R-Biopharm is part of the “EPI-CARE” cooperation project to develop a procedure for better monitoring of intensive care patients with severe infectious diseases, such as corona infections. The result should be an analysis system that provides information about the severity of an infection more quickly than the blood laboratory values used so far and thus enables a prognosis and early targeted therapy.
Cell-free DNA (cfDNA) as a marker for infectious diseases is the target of “EPI-CARE”. This is genetic material that circulates outside of cells in the body, for example after their death or deliberate destruction. From its concentration, the attending physician can draw conclusions about the severity of the disease and decide on further therapy. The cfDNA can be detected with isothermal methods, which take place at constant temperatures and therefore do not require the sample to be heated as is the case for PCR. In addition, the materials used are less sensitive than for PCR, which is why the amplification of the nucleic acid can take place directly and without purification from the untreated sample.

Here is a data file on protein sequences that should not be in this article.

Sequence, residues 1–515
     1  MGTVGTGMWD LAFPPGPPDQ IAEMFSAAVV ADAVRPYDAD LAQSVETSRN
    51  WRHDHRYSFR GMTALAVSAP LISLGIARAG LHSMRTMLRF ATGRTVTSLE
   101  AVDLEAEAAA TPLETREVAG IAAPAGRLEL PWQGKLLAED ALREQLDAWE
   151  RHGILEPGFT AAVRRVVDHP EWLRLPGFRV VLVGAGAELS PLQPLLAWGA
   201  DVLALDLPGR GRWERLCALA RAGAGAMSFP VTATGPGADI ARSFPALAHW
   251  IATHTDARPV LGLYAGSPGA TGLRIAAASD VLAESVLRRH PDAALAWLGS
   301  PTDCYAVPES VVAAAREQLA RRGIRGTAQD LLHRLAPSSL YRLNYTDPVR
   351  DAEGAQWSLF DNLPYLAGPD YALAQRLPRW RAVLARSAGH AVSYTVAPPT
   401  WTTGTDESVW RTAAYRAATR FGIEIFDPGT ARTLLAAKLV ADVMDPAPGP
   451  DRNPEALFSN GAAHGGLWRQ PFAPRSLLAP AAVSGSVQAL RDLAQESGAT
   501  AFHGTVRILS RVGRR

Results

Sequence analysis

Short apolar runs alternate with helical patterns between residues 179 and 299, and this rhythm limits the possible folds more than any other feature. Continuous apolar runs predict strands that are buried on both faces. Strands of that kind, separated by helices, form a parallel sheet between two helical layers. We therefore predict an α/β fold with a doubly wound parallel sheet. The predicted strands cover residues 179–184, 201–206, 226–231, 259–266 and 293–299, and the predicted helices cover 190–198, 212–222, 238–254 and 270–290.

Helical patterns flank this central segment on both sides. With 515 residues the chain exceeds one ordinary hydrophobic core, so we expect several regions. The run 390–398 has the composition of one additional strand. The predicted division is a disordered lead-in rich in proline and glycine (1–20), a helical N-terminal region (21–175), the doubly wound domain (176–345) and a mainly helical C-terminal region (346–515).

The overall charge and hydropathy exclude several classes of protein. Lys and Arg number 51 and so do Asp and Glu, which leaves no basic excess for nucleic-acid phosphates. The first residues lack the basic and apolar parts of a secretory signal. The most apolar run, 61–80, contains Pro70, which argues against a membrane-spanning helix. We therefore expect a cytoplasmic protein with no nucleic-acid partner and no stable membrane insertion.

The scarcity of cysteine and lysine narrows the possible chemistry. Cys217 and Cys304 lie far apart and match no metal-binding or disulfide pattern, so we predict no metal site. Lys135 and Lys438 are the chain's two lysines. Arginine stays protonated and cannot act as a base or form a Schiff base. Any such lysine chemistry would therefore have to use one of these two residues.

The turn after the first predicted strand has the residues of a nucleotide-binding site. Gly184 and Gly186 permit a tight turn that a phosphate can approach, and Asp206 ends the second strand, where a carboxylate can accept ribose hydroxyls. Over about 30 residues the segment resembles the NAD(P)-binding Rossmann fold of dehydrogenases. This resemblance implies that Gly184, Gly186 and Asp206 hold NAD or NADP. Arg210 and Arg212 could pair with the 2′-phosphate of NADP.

Since the beginning of May 2022, five cooperation partners have been working together in the research project, which is scheduled to run for three years and is funded by the Federal Ministry of Education and Research with around 2 million euros under the funding code 13GW0593B as part of the “Health Industry in the Health Research Framework Programme” field of action. BYTEC Medizintechnik GmbH is coordinating the project and is responsible for the development of the analytical device. Under the direction of Dr. Tobias Wittwer, R-Biopharm will optimise the reaction time and sensitivity of the assay developed there in cooperation with the Johannes Gutenberg University Mainz and develop a possibility for long-term storage. Fraunhofer IMM (Institute for Microtechnology and Microsystems) Mainz is responsible for the development of the analysis cartridge, and the University Medical Centre Mainz is making its contribution as co-developer of the project fundamentals and later medical user of the system.